The Orange County baseball community is in mourning after Laguna Beach High baseball coach Jeff Sears, the most successful coach in the history of the program, passed away Sunday morning at Mission Hospital in Laguna Beach. He was 55.
Laguna Boys volleyball coach Lance Stewart said Sears had been living with Stewart and his family for the past year and a half. He was taken to the emergency room on Jan. 10 because he was having trouble breathing, Stewart said, and his blood oxygen level was below 80%.
“Saturday night they gave him 100% oxygen again,” Stewart said. “They had found blood clots in his legs and lungs.”
Sears’ mother and two sisters traveled from Oregon, Stewart said, and the Laguna Beach baseball boosters have started a GoFundMe to help with travel and funeral expenses. By Tuesday afternoon, it had raised nearly $24,000.
“It’s tough,” Stewart said, adding that Sears had no wife or children. “He loved baseball and he loved kids. He had a perfect temperament to work with kids… His family was made up of his high school and baseball kids. He coached my kids, and they’re both wrecks. They’re pretty broken, just like everyone else, it’s quite a shock when it goes so fast.”
Sears was Laguna Beach’s baseball coach from 2008-2011, before returning in 2017. The Breakers’ 2011 Orange Coast League title was Laguna’s first league title in baseball since 1963.
Heading into his 10th year as the Breakers coach, Sears had a career record of 143-95. He was the all-time leader in wins, leading the Breakers to three of their 10 league titles in the program’s history.
Sears was known as a larger-than-life personality, who seemingly always had a story to tell.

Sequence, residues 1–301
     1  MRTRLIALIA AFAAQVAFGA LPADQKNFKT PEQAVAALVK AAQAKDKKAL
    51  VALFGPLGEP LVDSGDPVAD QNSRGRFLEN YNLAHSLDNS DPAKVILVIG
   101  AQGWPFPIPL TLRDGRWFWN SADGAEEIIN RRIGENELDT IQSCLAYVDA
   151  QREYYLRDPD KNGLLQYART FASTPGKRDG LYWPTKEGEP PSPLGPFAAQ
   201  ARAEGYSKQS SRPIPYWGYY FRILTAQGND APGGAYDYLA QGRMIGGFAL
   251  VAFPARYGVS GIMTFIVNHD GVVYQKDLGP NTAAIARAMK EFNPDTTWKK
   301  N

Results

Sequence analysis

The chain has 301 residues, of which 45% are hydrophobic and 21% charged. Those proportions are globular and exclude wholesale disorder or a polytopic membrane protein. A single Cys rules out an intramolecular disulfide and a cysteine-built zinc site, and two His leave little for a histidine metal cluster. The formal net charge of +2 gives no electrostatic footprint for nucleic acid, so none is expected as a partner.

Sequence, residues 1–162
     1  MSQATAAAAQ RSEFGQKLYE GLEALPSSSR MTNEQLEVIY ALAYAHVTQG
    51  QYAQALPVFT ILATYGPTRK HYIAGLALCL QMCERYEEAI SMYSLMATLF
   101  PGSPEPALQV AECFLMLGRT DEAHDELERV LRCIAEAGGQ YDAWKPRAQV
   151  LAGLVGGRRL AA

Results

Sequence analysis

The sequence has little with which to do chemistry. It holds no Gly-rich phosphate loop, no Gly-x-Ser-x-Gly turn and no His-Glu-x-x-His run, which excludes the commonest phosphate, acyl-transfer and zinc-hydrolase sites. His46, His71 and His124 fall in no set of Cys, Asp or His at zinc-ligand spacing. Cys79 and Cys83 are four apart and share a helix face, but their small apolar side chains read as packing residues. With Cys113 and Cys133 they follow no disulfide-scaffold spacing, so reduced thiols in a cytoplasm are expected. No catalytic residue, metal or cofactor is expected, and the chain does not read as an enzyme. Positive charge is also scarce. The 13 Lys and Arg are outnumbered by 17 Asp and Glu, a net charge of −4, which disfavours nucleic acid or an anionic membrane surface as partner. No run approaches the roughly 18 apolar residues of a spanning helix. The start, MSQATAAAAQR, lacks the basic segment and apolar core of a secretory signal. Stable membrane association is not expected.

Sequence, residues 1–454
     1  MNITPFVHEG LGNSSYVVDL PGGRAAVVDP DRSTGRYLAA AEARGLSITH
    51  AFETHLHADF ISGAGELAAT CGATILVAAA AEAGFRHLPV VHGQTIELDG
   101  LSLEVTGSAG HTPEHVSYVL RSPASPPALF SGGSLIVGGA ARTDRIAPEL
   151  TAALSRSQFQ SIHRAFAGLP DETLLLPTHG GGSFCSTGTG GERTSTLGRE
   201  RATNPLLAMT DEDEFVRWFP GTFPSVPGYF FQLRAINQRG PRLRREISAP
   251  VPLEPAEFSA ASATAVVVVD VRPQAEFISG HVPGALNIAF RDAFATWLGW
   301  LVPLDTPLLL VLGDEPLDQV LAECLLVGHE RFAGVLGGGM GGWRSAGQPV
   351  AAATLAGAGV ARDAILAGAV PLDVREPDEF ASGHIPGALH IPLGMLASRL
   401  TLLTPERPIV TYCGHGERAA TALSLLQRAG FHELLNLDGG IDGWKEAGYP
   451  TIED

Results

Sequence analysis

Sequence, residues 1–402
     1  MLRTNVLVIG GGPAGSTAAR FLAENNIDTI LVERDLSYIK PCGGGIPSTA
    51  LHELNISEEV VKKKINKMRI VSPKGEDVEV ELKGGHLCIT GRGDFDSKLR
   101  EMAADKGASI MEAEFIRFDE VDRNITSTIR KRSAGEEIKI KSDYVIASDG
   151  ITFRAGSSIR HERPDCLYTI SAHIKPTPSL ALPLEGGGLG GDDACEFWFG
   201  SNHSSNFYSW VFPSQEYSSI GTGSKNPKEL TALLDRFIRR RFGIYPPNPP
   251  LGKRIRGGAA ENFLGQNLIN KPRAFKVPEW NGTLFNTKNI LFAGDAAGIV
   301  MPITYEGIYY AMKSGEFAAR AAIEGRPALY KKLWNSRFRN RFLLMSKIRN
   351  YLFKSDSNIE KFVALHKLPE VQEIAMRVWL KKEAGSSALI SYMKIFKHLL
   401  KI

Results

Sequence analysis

Laguna Beach baseball coach Jairo Ochoa said he had known Sears for more than 20 years, including Sears’ assistant coaching stints at University High and Chapman University, both schools Ochoa attended. Ochoa spent some time on Sunday afternoon with the current players on the field, getting together and paying their respects.
“He is loved and respected by so many people in the baseball community, from coaches to players, ex-players who became coaches,” Ochoa said. “The baseball community definitely feels a void in his passing. He was just one of the guys that everyone loved. They were all looking forward to playing Jeff. He’s always been one of the smartest guys in the game and he kept the The opponent’s coaches were always sharp. You knew you were going to play a good game, and you would have a good laugh. He was just that man.”
So was CdM baseball coach Kevin McCaffrey, who said he’d known Sears since they both coached in college. He said Sears liked the University of Oregon and that McCaffrey went to the University of Arizona, so good-hearted ribbing often ensued.
“He was the life of every meeting,” McCaffrey said. “He would go to all our [CdM] fundraisers, which is good to see when an opponent coach wants to come and play in our golf tournaments, poker tournaments. He was just always up for a good time and supporting the baseball community. He was a wonderful person; I was shocked when I heard the news.”
Jackson Yelland, who graduated from the program in 2020, said he last saw Sears at the alumni competition on Jan. 8 before flying back to school. Yelland is now a sophomore pitcher for Kenyon College in Ohio.
“He cared so much about his players and former players,” Yelland said. “I always loved going home and training with him… He meant so much to the team, he meant so much to the city and even the county and baseball in general.
“He always loved to see us and greeted us with a hug and a smile. That’s something I’ll always remember.”
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